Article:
How Far Will They Go?

To The End!

Fighting for what science shows can harm your reputation, make you lose your job, and… who know how far they will go!  This the story of Maryanne Demasi, Ph.D., an investigative science journalists:

“I became the subject of attacks by those with vested interests. Secret documents revealed food industry giants initiated ‘active defence’ against me (and others) for challenging their marketing messages.

It manifested in social media attacks, industry-sponsored propaganda by so-called ‘experts’ paid to undermine my credibility, critics’ calls for my sacking, and vexatious complaints about my scientific integrity.

Eventually, our entire team was axed from the ABC. The TV executives who promised to support us, the same people who approved and applauded our programs, were now the ones walking us all out the door.”

As always, things must be understood in context. The context here is revealing that statins don’t save lives. As we all know, many doctors are just too happy to prescribe statins. The pressure is on them by the  pharmaceuticals as well as their pockets. Check if your doctor’s name is listed here, and if so, check how much money, lunches, dinners, “research funds” (clinical doctors don’t do research), etc., they have earned for the past 3 years. This database works for US doctors only–and be careful how you enter the name of your doctor. Enter only last name and state!!! Doctors have funny ways for evading discovery…!!

The Truth About Statins

If you only read one paper about statins, this is the one you should read in the BMJ (British Medical Journal). This academic paper reviewed all published statins clinical trials. Only 11 statin clinical trials included mortality information, so they only used those 11. Note: doctors are making “life-saving” or “life-destroying” decisions based on 11 small-scale clinical trials, and the world is go-gaga over statins, but do they have a reason to celebrate?  This research paper presents an unbiased and professional research, comparing all findings available.

The goal of the research:

The researchers wanted to see the magnitude of the statistical significance in terms of long-term outcome to see if statins saved lives, and if so, by how much.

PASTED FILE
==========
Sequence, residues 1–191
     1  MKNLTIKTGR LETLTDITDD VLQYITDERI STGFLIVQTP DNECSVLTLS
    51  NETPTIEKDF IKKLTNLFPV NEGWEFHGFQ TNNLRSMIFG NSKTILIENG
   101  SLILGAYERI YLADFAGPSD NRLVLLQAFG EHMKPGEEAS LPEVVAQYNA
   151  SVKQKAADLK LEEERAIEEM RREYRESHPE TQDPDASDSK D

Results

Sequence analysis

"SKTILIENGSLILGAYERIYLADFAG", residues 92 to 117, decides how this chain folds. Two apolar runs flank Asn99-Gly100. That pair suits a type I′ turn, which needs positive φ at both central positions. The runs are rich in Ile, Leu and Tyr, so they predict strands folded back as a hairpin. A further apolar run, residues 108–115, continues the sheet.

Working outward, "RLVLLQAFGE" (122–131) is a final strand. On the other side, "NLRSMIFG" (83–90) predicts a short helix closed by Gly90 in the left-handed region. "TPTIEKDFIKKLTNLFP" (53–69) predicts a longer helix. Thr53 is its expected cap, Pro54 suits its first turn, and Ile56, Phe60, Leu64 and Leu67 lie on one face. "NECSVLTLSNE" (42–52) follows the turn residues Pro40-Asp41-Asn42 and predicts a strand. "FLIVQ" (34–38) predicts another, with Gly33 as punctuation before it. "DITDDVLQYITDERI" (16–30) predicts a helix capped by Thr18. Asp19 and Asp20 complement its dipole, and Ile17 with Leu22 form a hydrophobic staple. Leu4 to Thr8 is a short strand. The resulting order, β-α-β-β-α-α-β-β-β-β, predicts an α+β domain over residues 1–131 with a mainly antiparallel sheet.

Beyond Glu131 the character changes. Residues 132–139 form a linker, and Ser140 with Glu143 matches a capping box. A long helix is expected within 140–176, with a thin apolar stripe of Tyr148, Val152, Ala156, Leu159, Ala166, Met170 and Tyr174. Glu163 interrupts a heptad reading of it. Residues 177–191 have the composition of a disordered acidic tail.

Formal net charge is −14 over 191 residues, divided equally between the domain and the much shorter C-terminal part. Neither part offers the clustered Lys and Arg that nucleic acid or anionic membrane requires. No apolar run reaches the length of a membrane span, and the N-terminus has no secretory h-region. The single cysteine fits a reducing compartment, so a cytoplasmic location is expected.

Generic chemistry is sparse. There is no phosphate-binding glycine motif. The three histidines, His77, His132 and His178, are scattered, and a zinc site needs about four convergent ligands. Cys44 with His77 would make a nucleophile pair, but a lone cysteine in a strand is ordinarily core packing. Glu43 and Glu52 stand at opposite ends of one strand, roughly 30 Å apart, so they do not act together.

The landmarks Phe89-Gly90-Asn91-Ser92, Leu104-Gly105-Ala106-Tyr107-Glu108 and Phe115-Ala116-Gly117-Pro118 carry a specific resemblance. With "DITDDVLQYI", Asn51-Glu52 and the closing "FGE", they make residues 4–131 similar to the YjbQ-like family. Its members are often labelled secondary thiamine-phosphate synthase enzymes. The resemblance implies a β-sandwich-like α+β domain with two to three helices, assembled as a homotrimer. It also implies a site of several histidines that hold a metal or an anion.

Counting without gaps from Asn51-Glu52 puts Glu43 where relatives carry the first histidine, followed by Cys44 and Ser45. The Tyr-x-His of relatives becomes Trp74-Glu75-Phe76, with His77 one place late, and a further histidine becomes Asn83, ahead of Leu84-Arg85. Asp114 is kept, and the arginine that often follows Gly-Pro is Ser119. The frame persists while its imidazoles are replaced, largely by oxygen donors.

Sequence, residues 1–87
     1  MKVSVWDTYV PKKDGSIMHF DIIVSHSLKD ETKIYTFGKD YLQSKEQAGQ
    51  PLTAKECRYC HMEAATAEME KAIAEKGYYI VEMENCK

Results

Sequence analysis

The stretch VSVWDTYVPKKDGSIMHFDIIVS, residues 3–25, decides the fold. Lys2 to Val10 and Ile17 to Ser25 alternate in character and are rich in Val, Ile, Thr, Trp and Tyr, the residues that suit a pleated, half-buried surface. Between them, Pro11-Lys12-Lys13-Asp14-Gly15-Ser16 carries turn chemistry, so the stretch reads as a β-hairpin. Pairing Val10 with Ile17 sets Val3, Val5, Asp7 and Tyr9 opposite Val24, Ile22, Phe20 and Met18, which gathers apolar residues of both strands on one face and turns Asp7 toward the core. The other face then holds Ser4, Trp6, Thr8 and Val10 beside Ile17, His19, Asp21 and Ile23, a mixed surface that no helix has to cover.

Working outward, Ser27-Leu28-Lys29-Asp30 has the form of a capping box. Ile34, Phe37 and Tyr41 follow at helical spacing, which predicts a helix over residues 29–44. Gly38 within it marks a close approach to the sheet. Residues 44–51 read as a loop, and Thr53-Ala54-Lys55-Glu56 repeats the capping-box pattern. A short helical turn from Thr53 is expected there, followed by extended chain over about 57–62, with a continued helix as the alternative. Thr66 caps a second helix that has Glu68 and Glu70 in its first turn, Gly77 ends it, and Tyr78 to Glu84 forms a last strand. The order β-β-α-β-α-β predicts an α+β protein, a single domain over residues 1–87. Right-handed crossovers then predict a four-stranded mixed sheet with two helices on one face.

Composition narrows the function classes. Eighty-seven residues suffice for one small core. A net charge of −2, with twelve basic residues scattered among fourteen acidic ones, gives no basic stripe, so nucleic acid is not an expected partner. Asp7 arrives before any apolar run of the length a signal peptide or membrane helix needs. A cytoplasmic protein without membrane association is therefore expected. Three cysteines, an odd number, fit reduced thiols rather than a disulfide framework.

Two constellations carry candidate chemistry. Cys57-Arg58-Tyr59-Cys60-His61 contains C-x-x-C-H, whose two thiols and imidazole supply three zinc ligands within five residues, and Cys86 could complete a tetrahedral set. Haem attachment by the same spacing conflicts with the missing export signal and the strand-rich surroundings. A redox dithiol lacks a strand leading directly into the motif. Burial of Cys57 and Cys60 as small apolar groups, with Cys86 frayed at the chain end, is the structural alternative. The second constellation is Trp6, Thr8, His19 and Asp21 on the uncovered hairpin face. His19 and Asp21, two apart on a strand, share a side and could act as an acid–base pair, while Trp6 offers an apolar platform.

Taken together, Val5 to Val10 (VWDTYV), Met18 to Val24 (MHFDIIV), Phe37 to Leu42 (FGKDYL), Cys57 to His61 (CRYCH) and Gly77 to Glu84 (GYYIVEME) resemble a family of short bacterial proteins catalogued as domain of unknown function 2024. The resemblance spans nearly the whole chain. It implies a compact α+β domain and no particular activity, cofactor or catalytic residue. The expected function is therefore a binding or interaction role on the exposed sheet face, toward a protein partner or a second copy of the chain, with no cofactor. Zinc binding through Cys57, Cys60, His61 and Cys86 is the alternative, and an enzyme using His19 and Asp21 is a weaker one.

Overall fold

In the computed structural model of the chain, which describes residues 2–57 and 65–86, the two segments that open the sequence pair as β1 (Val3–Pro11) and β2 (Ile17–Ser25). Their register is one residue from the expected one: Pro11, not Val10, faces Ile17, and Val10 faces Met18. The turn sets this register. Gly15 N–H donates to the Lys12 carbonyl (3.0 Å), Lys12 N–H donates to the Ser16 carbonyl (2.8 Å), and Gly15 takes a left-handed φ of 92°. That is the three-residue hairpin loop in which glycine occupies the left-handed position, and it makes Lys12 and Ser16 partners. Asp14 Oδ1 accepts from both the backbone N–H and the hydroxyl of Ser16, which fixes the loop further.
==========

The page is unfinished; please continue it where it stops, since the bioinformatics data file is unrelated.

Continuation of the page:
The findings:

“Death was postponed between −5 and 19 days in primary prevention trials and between −10 and 27 days in secondary prevention trials. The median postponement of death for primary and secondary prevention trials were 3.2 and 4.1 days, respectively.”

When you see a negative number, as in -10, that actually means the those people died 10 days sooner than those not on statins. The average lifetime increase (after several years of statins use) is 3-4 days. not much to celebrate there after years of side effects!

What Is At Stake?

Millions and billions of dollars to the pharmaceutical companies and thousands (in some cases hundreds of thousands) of dollars in the pockets of statins prescribing doctors are at stake. At least, that how statin-supporter-doctors and big pharma see it, and why Dr. Demasi was fired. However, the real loser is YOU dear reader. Why? Because you pay however amount as your copay, you lose muscles, fracture bones, end up with cancer, lose your memory, get dementia and Alzheimer’s, Parkinson’s and a host of other diseases., lose your libido, end up with Viagra or similar to have sex, and in some cases, even destroy your heart–the very thing you want to save–by taking statins.

Most Common Adverse Effects

The most common adverse effects are headache, difficulty sleeping, flushing of the skin, tenderness, or weakness (myalgia), drowsiness, dizziness, nausea or vomiting, abdominal cramping or pain, bloating and gas, diarrhea, constipation, rash, muscle pain and damage, increased risk of diabetes mellitus, and liver damage. In a study over 5 years of statin treatments resulted in 75 cases of diabetes, 7.5 cases of bleeding stroke, and 5 cases of muscle damage per 10,000 people treated. Other adverse effects include neuropathy, pancreatic, liver, and sexual dysfunction.

Adverse events are more common in clinical practice than in randomized clinical trials. A systematic review concluded that clinical trial meta-analyses underestimate the rate of muscle pain associated with statin use. In some studies the rate of rhabdomyolysis is low. Rhabdomyolysis can result in life-threatening kidney injury. The risk of statin-induced rhabdomyolysis increases with age, use of other medications such as fibrates, and hypothyroidism.

There are some genetic variants that make this condition much more likely–though find a doctor who checks for your genetics before they prescribe statins.  The gene SLCO1B1 (Solute carrier organic anion transporter family member 1B1) codes for an organic anion-transporting polypeptide that is involved in the regulation of the absorption of statins. A rather common variant in this gene can significantly increase the risk of myopathy and rhabdomyolysis.

I find it interesting that of the number of people I know who are on statins, two are cases of rhabdomyolysis–so it cannot be that rare… food for thought. 

Coenzyme Q10 (ubiquinone) production is blocked by statin use.

Cognitive effects